In Which A Bit of an Enthusiast Wraps That Challenge Up

By Hand London Victoria Blazer in chambray

Oh reader:  our time has come.  Thanks for sticking here.  I may have stretched the rules a wee bit by allowing my challenge to end in (cough) June when a year was technically a month ago.

Now I’m going to state the blindingly obvious-  I made more than six garments this last year.  But I’m jolly pleased with how it’s all turned out!  My technique has improved vastly and my speed (whilst not exactly hare-paced) is better than when I started out.  Heavens- I even pin faster!

Before we continue, shall we look at my final piece for the Six Pattern Challenge?  I present my By Hand London Victoria chambray blazer.

By Hand London Victoria Blazer in chambray

This was last minute sub for a bra which was the substitute (less said of that mess the better, she says shaking her fist at the tatty pile of threads and elastics that’s masquerading as a half-finished toile in the sewing box…)  for the rain jacket.

The rain jacket pattern, by the way, I still like a lot.  I simply decided towards the end of the year that I’d had enough following rules and I wanted to make something that I really wanted.

By Hand London Victoria Blazer in chambray

So let me wrap up (with a fist pump, yeah!) my year of six patterns.  I started with the notion that if- if- I could only accomplish making these six (and if I’m honest this time last year I wasn’t convinced I could) patterns that would be an awful lot more making than before.  I’d been aching to make more…stuff.  Wasn’t sure what direction to take for the longest time.  So now I’m properly on this me-made clothes wagon I’m pretty chuffed I’ve made it this far with many more than six items to wear with love and pride!  Will I wrap up the blog now I’m done?  No.

By Hand London Victoria Blazer in chambray

This has been excellent impetus to keep making, keep getting inspired, keep learning new techniques, keep the conversation going with other makers who I now call friends.  I’m part of the community and I love it.  It’s such a joy adding my own little thread into the always-weaving story that’s happening amongst people who love to distil some of themselves into a handmade, hand worked, hand crafted, personal item.  Thanks for cheering me on here, on social media, in real life.  Now to enjoy some rule-free sewing, hurrah!

By Hand London Victoria Blazer in chambray

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Details:

Pattern is the By Hand London Victoria Blazer  for my Six Pattern Challenge.  

The Chambray One- view A- the outer is of a dark blue chambray from Rolls & Rems (Lewisham) and the lining is a lovely cream polyester (I think!) something-or-other (very heavy and very drapey) with tiny black- adorable- bows from my expert-enabler mother.  Because of the nature of the lining it will not lie flat which is a burden I can bear considering it- as before noted- has tiny black bows on it.  It was shortened a small amount so I can wear with skirts and not flatten them.   Look, the pockets are wonderful.  I’m rather proud of my fabric combos.  Could probably do with a bit more room in the upper arms but my arms are skinny twigs so I’m not sure I want to grade up to the next size (any advice on such things gratefully received!).  Adios, friends.  I’m celebrating with a cup of tea and sewing a couple of darts into my next project!

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In Which A Bit Of An Enthusiast Takes On Frilly Trews And Loses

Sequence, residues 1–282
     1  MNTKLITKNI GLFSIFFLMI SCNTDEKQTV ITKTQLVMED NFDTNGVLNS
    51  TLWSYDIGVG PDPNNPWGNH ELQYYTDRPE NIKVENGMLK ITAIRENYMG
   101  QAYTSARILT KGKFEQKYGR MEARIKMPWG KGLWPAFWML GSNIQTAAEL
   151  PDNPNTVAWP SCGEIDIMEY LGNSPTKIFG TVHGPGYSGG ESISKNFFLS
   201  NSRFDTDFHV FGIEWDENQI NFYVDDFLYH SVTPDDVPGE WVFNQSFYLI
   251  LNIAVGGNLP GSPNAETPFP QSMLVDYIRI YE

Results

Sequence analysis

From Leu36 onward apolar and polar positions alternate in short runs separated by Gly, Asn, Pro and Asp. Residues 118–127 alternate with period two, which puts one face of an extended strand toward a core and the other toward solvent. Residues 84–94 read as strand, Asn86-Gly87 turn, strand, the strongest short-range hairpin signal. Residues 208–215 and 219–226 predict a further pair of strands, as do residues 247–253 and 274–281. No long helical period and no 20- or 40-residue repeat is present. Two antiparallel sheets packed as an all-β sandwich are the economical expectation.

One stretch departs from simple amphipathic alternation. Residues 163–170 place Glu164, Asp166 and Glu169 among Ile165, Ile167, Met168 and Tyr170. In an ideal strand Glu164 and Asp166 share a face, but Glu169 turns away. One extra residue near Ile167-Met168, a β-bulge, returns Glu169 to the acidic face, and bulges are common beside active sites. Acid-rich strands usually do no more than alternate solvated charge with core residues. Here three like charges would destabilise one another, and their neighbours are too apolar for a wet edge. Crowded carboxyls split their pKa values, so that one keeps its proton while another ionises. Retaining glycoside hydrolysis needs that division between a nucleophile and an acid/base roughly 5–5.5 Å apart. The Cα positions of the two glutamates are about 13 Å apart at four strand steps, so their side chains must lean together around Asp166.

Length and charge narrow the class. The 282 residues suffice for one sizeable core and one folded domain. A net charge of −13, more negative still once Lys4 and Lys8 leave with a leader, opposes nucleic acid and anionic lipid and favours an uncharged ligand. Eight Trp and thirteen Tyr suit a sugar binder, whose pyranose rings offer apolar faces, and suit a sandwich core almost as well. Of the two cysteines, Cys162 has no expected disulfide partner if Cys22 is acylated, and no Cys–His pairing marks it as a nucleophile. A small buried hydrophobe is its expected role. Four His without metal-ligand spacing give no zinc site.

Kwik sew 3882

Dear Reader: I think I’ve been hoodwinked.  I’m pretty sure anyone who used this pattern was.  Let’s talk pyjamas.  They’re simple, surely?  In this case, a simple jersey (stretchy fabric) vest top and a simple pair of long bottoms with drawstring.  How many pattern pieces d’you reckon the trews would take?  Two?  Four?  Six?

Kwik Sew 3882

How about 10?!  I’m afraid this is very much a Case of the Over-Engineered Pyjama Bottoms.  Is it too dramatic to suggest I was exhausted after cutting all those pieces out?  Never mind stitching the many bits and bobs together until we finally- finally- had a working pair of pj’s!  The other problem is this:  there’s a massive great FRILL along the top- just where a gal wants extra fluff, right?  Wrong!

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She was delighted she had, at last, learned to read

Should’ve guessed when the pattern packaging showed the models wearing their vest tops tucked in.  Really.  Who on earth wears their pyjama top tucked in?  Butlers?  Statisticians?  No-one, that’s who.  Unless you have a ruddy great frill on your trews that looks weird unless you’re neatly tucked in like a starched sheet on a matron’s bed.

Kwik Sew 3882

See what I mean about that frill?  Unnecessary fluff!

That aside, the vest is fine.  I’ve worn these to death thanks to the very soft and drapey fabric.  But next time I think I’ll stick with simple and make the Margot bottoms out of Love at First Stitch!

Kwik Sew 3882

Yes, I always look this put-together (stop sniggering) and relaxed after catching my z’s…

In other news– and here’s a bit of a spoiler (wink)- I’ve successfully mastered the Six Pattern Challenge I set myself a year ago.  I haven’t, however, made myself Mistress of Time and therefore we’ll all have to wait till next week for the finale…

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Details: Jim Jams are the Kwik Sew 3882 pattern, made up with a cheap-as-chips drapey something-or-other from the lady on the corner near Deptford Lounge.  It was about £2 or so for three metres!  After a zillion washes (yup, I made this quiiiiiite a long time ago!) it’s almost flannel-y and wonderfully soft.  The vest is a grey marl jersey from Rolls and Rems in Lewisham, reasonaly priced undoubtedly but not something I remember now.  It’s lovely and soft too.  It’s fairly roomy but cosy and I’m sure could be used for tank tops for general wear, if I were tempted, without any problems.  The trews are made with a 6mm/1/4″ seam allowance for some bizarre reason- now I’m a Grown Up Stiticher I know that’s a SA you’d use for quilting- not a pair of oft-washed bottoms!  Consequently, they’re sort of falling apart.  All that aside and even with the unloved frill, these get worn all the time!  Except in public (until today, that is…)